CT lawmakers propose parental consent for social media accounts
Connecticut lawmakers are trying again this year to pass legislation that would require social media companies to get parental consent before allowing anyone 16 or younger to use their platforms.
The bill, HB 5025, is an effort to support children’s mental health, sponsors said, and follows promises from lawmakers to focus on youth mental health this session.
The first version of this bill was introduced during the 2022 legislative session by Rep. Christie Carpino, R-Cromwell. It died despite receiving unanimous support from the Children’s Committee.
Unlike last session, the bill now goes to the General Judiciary Committee. Sen. James Maroney, D-Milford, the co-chairman of the General Judiciary Committee, said children’s issues should be a priority for everyone.
“I think it’s a bipartisan issue in terms of everybody wanting to protect our kids and make sure we protect their privacy,” he said.
Maroney said that while there are positive aspects to social media, young people have also felt its negative effects.
“We also know that we’ve seen the adverse effects on the mental health of our students,” Maroney said. “While we can’t necessarily say social media caused it [mental health issues]there is a strong correlation between the rise of social media and the increase in anxiety among our students.”
Rep. Tami Zawistowski, R-East Granby, is sponsoring the legislation this session.
“People are trying to live up to unrealistic expectations set by social media,” Zawistowski said, adding that she believes social media can have a negative impact on young people’s body image, which can lead to serious health issues such as eating disorders.
Zawistowski said parents can support the legislation because they have seen firsthand during the pandemic lockdowns how social media negatively affects their children.
“I think there’s a lot more focus on mental health this session, and there has been for a while,” she said. “I think so [bill] get right in line with that.”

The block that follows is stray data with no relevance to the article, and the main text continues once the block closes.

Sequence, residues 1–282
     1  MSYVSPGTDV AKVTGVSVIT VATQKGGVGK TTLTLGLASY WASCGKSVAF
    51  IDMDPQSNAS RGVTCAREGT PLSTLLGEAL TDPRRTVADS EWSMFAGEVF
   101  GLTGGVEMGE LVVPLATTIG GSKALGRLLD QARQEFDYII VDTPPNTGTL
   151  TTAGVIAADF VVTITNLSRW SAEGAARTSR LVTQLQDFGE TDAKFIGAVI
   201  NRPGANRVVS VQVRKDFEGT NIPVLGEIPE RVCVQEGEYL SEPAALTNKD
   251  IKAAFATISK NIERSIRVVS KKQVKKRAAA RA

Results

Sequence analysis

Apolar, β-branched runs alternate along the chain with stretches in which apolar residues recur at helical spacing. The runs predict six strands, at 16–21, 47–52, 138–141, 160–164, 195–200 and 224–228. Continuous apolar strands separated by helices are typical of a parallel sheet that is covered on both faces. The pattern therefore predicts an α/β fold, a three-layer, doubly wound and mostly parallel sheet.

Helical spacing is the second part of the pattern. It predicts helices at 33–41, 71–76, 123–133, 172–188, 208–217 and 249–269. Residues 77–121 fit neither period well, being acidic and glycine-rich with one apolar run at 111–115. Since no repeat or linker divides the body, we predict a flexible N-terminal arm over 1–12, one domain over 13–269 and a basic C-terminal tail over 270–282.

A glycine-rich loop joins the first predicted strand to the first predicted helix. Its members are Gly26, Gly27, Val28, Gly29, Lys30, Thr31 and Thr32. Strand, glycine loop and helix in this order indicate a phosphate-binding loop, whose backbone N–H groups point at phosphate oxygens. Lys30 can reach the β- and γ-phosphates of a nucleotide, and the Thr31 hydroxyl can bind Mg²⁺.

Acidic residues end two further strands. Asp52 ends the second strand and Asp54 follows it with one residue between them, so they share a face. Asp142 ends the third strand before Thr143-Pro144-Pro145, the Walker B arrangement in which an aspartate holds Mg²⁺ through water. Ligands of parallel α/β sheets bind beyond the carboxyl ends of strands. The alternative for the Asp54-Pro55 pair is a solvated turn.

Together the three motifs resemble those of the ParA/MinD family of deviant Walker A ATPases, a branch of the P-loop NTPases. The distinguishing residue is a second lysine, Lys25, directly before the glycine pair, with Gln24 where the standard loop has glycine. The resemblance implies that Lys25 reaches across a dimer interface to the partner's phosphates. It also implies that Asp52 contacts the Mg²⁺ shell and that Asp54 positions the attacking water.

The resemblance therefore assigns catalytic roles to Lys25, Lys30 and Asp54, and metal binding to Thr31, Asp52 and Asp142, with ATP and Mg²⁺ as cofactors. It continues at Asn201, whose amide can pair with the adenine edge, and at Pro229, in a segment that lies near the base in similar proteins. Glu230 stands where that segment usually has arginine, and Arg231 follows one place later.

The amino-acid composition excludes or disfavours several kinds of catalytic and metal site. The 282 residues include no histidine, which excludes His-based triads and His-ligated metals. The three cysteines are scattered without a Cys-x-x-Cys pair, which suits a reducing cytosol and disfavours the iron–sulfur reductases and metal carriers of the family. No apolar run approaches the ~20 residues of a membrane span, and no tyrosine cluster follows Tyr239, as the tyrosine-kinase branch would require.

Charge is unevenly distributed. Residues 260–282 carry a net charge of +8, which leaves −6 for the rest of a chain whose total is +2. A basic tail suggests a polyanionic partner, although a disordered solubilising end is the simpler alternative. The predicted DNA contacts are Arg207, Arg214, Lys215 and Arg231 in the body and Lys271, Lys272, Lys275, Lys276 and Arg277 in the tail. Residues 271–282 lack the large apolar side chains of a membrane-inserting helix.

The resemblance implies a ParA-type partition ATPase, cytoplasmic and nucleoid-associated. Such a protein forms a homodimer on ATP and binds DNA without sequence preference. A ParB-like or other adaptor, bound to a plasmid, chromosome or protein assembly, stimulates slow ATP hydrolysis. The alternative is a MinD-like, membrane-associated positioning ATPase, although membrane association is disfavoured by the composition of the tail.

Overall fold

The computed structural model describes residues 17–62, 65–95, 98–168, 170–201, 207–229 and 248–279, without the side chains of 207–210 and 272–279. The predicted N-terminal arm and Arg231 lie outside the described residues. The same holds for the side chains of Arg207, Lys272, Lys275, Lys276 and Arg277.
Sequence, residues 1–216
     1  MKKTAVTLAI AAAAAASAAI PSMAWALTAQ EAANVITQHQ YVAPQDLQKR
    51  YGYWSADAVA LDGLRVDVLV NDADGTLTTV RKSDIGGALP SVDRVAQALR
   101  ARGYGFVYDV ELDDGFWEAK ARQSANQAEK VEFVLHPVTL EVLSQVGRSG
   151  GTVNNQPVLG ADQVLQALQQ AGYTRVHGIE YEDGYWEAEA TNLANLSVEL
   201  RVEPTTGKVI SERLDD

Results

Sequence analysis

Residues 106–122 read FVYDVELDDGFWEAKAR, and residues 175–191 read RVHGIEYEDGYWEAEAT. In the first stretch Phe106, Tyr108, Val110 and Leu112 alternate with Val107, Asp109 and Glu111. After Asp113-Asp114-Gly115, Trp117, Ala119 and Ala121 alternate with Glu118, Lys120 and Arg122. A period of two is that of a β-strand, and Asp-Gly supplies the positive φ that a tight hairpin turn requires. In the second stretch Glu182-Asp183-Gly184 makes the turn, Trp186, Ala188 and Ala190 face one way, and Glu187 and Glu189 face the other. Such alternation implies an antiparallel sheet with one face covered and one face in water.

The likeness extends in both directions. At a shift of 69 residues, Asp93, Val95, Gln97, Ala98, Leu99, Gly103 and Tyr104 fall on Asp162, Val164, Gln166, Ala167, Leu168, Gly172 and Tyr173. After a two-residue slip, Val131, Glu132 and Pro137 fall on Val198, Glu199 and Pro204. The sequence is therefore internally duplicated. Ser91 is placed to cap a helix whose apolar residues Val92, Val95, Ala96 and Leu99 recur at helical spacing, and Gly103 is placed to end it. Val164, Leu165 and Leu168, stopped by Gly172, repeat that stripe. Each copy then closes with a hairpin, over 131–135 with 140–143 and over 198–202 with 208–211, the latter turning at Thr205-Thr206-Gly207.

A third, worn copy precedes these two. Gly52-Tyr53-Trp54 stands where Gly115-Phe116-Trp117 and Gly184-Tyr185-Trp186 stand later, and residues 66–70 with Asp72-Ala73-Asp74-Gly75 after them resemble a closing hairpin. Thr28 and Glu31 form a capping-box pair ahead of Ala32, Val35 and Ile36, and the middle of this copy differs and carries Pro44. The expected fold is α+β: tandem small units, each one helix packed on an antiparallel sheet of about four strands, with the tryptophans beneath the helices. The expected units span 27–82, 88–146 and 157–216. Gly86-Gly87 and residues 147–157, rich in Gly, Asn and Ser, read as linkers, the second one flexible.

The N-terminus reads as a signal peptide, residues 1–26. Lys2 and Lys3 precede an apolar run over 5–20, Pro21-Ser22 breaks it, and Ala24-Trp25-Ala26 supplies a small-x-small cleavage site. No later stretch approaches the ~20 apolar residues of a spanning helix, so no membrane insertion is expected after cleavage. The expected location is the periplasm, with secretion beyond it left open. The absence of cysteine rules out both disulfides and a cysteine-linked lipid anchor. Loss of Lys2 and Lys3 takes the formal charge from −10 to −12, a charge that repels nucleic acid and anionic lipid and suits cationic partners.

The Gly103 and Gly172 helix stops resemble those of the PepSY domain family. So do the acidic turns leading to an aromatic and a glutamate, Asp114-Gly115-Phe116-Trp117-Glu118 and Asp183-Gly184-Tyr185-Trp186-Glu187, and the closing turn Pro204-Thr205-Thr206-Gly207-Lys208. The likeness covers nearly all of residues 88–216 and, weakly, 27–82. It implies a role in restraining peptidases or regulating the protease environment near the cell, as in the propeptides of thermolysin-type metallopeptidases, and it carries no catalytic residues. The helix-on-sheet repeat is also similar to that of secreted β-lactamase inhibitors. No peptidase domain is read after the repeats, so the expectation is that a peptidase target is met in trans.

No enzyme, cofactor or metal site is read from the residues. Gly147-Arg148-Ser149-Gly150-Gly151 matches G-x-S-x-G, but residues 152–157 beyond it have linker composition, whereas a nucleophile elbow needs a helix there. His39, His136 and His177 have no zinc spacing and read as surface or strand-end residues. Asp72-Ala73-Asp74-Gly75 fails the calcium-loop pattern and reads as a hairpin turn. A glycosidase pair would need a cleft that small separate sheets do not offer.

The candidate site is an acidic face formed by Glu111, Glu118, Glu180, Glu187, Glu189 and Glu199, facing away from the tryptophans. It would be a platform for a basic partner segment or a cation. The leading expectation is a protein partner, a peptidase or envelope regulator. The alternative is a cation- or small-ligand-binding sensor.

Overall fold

There has been an increase in both the number of young people who have mental health problems and the severity of those problems over the last few years.
However, there is already opposition to the legislation.
NetChoice, a coalition representing numerous social media platforms and supporting free, unrestricted use of the Internet, intends to fight the proposal.
“What this legislation essentially purports to do is hand over parenting of teenagers to the tech industry, and plaintiffs’ lawyers, rather than letting parents decide what’s best for their own children,” said Carl Szabo, vice president and general counsel at NetChoice. “At the same time, it will actually require the collection of the most sensitive and personal information about teenagers whenever they go around and access the Internet.”
NetChoice sued California over legislation protecting children’s online privacy that passed last year. The law puts more restrictions on big tech companies to make sure they take proper steps to ensure children see age-appropriate ads and other online services.
Szabo said the California law does not take into account that children mature at different ages. It can get complicated when big tech has to define what content is “age appropriate” for kids. He also said the legislation was an infringement on the First Amendment.
He said Connecticut must first “empower students and parents” by teaching them how to use social media safely, protect their privacy online and be good digital citizens.
“Any parent, myself included, who thinks that their teen is not more tech-savvy than they are, is deluding themselves,” Szabo said. “That is essentially what this legislation is trying to do. It tries to ignore the reality that there are a lot of 12-year-olds on social media, even though it’s against the terms of service and the contracts.”
For example, Utah lawmakers have proposed legislation requiring all minors to obtain parental consent before joining any social media platform.
Utah Gov. Spencer Cox said he supports the bill because of the negative effects social media has on children, comparing social media companies to opioid makers last month.
Sanchez said Utah lawmakers have defined social media in a very broad way, potentially barring children from using educational software.
“The way they defined social media could be interpreted as a learning management system, like Canvas or Blackboard, which could potentially be contained in this definition,” Sanchez said. “They defined it as a tool to communicate with a sufficient number of users.”
In Texas, lawmakers have proposed a bill that would ban all social media platforms for minors. The bill also requires someone signing up for an account to show a photo ID.